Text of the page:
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Leaders Letter Newsletter Leadership

Leaders Letter 103 – The Fight Behind Closed Doors

Dear Leaders, this week I want to introduce you to a topic many “leaders” struggle to recognise or talk about, the fight behind closed doors and the impact it has. 

When you work with leadership teams, you encounter the same reactions:
(1) resistance,
(2) some admitting there are core issues, others denying any sign of issues
(3) you encounter the historic status games and
(4) baked in politics that you have to navigate quickly and as expertly as you can.

I call this the fight behind closed doors. 

These dynamics are complicated, you are often the person who has to get into the middle of the psychological fights, you have to force collaboration between those who are often competing and when required you have to be the adult (and leader in that space) and force these colleagues to hash it out. 

I have been in workshops where you can cut the tension with a knife, you have to force change the atmosphere with working sessions and have had to call out this bad behaviour to reduce this from recurring its ugly head again. 

The trick is to know some people either need to have a fight behind closed doors or just be adults and agree to disagree.  

The worst “execs” are those who unload a lot of the fight onto their team and actually reveal much of the battles from behind closed doors to their team and influence the team’s behaviour. 

Very often this actually negatively impacts their view of you and the leadership team. If the department leader moves on, these biases are often carried through from those internally promoted.   

The Unspoken Truth 

I say this often, a lot of department leads hate the senior leadership meetings, hate attending and hate being on the SMT’s and ELT’s.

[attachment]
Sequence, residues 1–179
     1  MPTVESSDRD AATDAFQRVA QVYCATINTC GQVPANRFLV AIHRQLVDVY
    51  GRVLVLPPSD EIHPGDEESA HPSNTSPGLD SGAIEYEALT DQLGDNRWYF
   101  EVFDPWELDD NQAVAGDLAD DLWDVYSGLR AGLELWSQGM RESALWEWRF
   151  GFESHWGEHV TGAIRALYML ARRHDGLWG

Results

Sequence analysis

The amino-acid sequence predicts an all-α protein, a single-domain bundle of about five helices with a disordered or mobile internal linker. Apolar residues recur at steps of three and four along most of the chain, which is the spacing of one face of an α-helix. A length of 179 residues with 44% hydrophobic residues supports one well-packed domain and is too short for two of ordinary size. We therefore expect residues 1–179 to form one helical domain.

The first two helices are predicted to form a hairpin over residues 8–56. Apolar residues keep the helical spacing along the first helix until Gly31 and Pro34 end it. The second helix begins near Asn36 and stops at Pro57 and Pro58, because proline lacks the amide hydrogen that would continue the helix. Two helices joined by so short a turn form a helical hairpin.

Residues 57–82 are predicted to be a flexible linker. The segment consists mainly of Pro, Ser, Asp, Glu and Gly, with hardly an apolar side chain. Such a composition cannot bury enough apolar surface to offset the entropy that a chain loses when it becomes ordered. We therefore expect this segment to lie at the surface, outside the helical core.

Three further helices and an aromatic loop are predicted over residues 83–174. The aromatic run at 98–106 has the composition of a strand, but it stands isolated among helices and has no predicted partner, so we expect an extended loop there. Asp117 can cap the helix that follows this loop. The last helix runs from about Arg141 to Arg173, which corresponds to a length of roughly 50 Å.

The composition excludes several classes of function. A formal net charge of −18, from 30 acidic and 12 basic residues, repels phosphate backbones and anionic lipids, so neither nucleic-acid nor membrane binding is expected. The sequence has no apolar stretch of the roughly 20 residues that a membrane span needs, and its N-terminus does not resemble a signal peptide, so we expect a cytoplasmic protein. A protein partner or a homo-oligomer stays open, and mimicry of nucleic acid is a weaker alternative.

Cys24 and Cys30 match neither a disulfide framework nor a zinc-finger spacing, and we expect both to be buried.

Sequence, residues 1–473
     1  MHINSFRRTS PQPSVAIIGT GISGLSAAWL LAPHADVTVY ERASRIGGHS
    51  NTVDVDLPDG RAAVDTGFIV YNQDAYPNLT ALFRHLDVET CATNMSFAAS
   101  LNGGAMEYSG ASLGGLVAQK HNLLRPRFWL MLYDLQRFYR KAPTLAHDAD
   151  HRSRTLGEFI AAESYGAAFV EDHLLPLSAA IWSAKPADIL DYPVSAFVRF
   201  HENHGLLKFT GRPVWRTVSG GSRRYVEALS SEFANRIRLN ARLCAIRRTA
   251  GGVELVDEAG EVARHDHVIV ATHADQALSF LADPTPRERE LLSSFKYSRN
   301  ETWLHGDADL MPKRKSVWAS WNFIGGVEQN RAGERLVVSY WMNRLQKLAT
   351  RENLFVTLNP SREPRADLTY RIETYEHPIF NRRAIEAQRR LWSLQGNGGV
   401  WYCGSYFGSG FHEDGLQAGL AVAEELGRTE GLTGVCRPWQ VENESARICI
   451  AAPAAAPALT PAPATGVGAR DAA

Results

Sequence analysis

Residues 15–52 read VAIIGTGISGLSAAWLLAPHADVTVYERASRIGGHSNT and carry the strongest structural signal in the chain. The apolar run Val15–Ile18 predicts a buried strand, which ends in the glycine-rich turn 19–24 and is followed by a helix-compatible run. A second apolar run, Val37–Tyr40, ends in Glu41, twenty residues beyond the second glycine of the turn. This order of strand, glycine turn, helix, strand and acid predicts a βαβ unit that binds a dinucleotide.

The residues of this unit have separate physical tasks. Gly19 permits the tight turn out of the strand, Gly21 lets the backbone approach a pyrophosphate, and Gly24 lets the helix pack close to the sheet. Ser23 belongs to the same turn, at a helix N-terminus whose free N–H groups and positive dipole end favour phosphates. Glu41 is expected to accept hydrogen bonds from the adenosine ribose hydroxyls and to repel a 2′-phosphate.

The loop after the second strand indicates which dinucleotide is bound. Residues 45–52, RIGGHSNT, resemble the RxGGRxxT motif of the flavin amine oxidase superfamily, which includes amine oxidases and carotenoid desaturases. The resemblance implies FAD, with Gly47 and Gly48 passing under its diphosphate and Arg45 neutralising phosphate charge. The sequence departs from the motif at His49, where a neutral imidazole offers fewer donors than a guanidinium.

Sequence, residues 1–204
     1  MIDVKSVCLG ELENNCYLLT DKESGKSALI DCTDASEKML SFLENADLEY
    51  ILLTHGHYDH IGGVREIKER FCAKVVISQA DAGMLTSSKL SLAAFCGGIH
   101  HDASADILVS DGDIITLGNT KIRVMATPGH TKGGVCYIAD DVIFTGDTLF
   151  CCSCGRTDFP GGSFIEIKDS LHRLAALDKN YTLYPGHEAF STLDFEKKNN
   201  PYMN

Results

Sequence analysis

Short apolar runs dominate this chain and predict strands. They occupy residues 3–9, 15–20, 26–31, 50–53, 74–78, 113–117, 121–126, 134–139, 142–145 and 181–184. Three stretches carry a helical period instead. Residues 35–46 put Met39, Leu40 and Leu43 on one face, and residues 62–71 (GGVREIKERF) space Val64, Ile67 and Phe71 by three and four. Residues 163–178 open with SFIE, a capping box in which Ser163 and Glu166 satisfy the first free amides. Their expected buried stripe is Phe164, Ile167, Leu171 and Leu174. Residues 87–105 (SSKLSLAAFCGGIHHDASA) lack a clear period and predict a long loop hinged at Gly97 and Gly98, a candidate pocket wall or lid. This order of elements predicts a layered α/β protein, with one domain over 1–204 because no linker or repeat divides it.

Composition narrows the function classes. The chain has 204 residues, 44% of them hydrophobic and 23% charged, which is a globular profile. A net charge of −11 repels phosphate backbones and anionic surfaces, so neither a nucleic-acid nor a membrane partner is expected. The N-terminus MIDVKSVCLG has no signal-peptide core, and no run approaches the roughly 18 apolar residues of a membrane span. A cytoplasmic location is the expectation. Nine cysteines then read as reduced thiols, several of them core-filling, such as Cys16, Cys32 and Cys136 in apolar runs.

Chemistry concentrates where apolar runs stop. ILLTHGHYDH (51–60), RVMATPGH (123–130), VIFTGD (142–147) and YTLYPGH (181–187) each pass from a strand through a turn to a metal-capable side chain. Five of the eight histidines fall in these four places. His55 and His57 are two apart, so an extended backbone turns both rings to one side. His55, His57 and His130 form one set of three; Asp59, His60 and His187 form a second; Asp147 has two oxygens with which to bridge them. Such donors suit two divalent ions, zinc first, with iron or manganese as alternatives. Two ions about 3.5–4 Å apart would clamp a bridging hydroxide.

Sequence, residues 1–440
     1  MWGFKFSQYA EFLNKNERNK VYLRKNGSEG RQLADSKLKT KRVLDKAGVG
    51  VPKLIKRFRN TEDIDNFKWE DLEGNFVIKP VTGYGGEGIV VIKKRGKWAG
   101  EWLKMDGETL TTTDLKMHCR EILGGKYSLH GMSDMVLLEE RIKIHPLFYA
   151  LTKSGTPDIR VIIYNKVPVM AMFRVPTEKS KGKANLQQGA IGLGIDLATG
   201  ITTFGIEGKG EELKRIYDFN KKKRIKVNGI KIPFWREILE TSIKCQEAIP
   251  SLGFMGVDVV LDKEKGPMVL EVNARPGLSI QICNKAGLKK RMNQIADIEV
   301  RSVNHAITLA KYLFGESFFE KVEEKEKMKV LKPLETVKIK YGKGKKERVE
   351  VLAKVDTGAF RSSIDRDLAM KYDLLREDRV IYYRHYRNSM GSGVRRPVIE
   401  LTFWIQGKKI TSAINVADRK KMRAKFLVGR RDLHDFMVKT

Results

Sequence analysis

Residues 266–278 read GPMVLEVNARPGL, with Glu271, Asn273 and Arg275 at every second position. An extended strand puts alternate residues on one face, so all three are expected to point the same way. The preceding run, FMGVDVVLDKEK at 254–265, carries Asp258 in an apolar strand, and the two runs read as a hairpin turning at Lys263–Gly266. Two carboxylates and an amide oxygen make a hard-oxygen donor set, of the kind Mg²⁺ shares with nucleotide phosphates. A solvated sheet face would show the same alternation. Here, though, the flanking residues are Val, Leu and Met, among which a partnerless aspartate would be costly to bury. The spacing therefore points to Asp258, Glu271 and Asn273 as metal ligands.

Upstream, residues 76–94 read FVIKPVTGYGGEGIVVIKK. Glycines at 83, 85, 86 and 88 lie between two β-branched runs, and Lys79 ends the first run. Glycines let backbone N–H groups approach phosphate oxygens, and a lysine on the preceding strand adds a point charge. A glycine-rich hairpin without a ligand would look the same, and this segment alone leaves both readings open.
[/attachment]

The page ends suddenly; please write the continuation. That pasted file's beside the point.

Why?
These are battles, you waste a lot of emotional energy, these can feel like they steal away your time, these battles can get mentally bloody and leave scaring, and you spend more time defending your time, your team’s output and delivery than proactively working to improve the company. 

On many occasions department leads are not prepared and rarely trained for what it takes to navigate and operate in leadership meetings and are often misdirecting their energy away from getting work done or being an actual leader within the business. 

Many people do not like confrontation, many dislike conflict and often will actively choose not to take part. 

This is understandable but often this is hurting you and your business. 

  • Is it time for an official referee? – Yes 
  • Is it time to put your management subculture first? – Yes 
  • Is it time you revisit and agree on your leadership principles? – Yes  
  • Is it time to take face known issues between “leads” within your business? – Yes 
  • Is it time to remove the battle in the boardroom/zoom room? – Yes 

Ensuring some personality types need internal competition and battles is key to good management, ensuring it does not spill over and become a larger theme is essential. 

The fight behind closed doors happens in almost every business, numerous times a week, it is how you manage this as a business leader and how you attempt to address these outstanding issues to truly move the business forward. 

This week concentrate on taking the time to review how these fight behind closed doors are taking place, the impact it is having and whether some leaders need to step up or step out. 

Have a great week and remember conflict is a disagreement, a temporary clash (can be positive), and combat is an ongoing fight or battle (often negative). 

Thanks,
Danny Denhard

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